It sounds kind of silly to say, but memes are one of the things that make us human. They are, by design, massively shareable images based on some universal (or at least semi-universal) lived experience that draws on some aspect of popular culture, but seeds it with additional meaning.
Against that backdrop, how could some smartass not come up with a way to hand the job of meme creation over to an A.I.? Heck, robots are threatening to take a bunch of our most important jobs. Why not the task of creating new pithy Spongebob Squarepants images alongside the others?
Titled This Meme Does Not Exist, after the plethora of other similar A.I.-generated projects, this new online tool (we use that term loosely) lets you select a popular meme image and then generates a new funny caption to go alongside it. Users have the option of saving and sharing particularly absurd ones, or simply continuing to click to see what insane idea the computer will come up with next.
This isn’t just random text, however. Like the various A.I. creativity efforts, ranging from new chapters of Game of Thrones to monologues from Scrubs, this meme-generating technology works by using a machine learning algorithm. In this case, it was trained on 48 of the internet’s most popular memes and 20,000 captions per meme. The results are a weird kind of Burroughs-style cutup, with fragments of human-generated humor chopped up and reassembled with no real understanding of why it’s funny. Which, like hearing a kid recite a joke they don’t quite get, is what makes it funny.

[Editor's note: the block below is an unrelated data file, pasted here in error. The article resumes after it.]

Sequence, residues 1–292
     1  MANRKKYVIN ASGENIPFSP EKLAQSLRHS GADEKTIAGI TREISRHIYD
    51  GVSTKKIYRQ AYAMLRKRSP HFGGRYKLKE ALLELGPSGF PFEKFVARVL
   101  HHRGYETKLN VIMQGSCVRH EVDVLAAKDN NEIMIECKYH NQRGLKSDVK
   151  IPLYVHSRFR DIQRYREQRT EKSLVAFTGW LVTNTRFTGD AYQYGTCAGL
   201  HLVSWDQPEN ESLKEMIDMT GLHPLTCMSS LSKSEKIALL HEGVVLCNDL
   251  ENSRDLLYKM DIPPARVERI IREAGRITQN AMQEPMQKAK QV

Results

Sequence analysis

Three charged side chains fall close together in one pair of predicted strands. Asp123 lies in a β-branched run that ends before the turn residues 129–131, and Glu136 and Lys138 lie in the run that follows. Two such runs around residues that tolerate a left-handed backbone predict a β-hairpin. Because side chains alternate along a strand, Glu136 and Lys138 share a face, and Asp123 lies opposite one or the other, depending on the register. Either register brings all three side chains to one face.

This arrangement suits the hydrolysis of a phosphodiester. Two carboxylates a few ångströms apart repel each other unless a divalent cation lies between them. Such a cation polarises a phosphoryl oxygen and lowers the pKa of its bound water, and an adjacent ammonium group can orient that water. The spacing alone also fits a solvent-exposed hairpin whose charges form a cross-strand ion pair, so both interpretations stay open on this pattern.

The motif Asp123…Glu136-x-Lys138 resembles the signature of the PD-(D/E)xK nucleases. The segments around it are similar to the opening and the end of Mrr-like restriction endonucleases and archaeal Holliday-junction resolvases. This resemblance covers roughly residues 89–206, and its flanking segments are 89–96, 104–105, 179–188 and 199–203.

This Meme Does not Exist was created by Dylan Wenzlau, founder of image hosting platform and meme creator Imgflip. As noted, Wenzlau is not the first person to create an “[Insert Object] Does Not Exist” project. Others have included everything from faces to Airbnb listings. But it’s definitely one of the most fun ones we’ve come across. And, right now, something that’s meaninglessly fun is just about the best kind of thing you can look to create.
Hey, if you don’t look at it as an example of machines impinging on human creativity, it’s actually a pretty neat example of human and A.I. collaboration.
- Human moderators can’t stop online hate speech alone. We need bots to help
- A.I.’s next big challenge? Playing a quantum version of Go
- Best Online Learning Platforms 2020: Homeschool and learn new skills
- Three words: Robot. Talent. Agency.
- The 15 best tech jobs boast top salaries, high satisfaction, lots of openings